Video

Video Mind-Controlled Prosthetics Are Getting Closer

Scientists and engineers are making substantial advances towards the ultimate goal in prosthetics – creation of limbs that can be controlled by the wearer’s mind. Thanks to sophisticated sensors capable of picking up the brain’s signals, an amputee in Iceland is literally bringing us one step closer to that goal. VOA’s George Putic reports.
Video

Video Afghan Economy Sinks As Foreign Troops Depart

As international troops prepare to leave Afghanistan, and many foreign aid groups follow, Afghans are grappling with how the exodus will affect the country's fragile economy. Ayesha Tanzeem reports from the Afghan capital, Kabul.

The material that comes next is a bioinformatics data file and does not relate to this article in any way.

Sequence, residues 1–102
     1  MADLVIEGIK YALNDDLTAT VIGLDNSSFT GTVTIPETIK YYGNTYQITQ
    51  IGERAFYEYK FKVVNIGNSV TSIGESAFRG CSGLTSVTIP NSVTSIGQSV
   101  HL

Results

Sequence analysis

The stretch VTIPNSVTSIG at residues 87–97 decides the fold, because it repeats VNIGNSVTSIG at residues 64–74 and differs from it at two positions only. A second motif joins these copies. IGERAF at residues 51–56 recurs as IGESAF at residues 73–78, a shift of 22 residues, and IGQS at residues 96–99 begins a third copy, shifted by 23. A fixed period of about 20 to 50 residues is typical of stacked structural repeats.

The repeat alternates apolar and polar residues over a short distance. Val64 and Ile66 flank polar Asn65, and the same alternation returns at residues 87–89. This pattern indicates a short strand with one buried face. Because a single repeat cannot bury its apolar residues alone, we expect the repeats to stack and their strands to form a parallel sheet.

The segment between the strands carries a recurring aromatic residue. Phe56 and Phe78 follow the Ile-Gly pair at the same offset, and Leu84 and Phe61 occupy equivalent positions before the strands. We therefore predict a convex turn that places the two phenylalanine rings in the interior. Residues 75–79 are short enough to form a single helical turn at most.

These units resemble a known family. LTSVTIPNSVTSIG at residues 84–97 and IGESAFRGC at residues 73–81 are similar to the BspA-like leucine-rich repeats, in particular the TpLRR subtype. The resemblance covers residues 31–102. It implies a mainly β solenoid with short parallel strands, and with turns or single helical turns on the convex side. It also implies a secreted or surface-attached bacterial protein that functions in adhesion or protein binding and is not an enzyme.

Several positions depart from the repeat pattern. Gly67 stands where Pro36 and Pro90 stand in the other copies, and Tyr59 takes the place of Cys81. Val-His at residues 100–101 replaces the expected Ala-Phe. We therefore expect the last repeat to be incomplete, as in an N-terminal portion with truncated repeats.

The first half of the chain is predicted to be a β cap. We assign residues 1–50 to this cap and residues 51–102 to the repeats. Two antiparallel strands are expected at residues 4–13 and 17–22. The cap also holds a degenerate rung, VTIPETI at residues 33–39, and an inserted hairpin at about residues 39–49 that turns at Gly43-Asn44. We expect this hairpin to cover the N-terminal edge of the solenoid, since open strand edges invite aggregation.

Video

Video Poverty, Ignorance Force Underage Girls Into Marriage

The recent marriage of a 17-year old Chechen girl to a local police chief who was 30 years older and already had a wife caused an outcry in Russia and beyond. The bride was reportedly forced to marry and her parents were intimidated into giving their consent. The union spotlighted yet again the plight of many underage girls in developing countries. Zlatica Hoke reports poverty, ignorance and fear are behind the practice, especially in Asia and Africa.
Video

Video South Korea Marks Gwangju Uprising Anniversary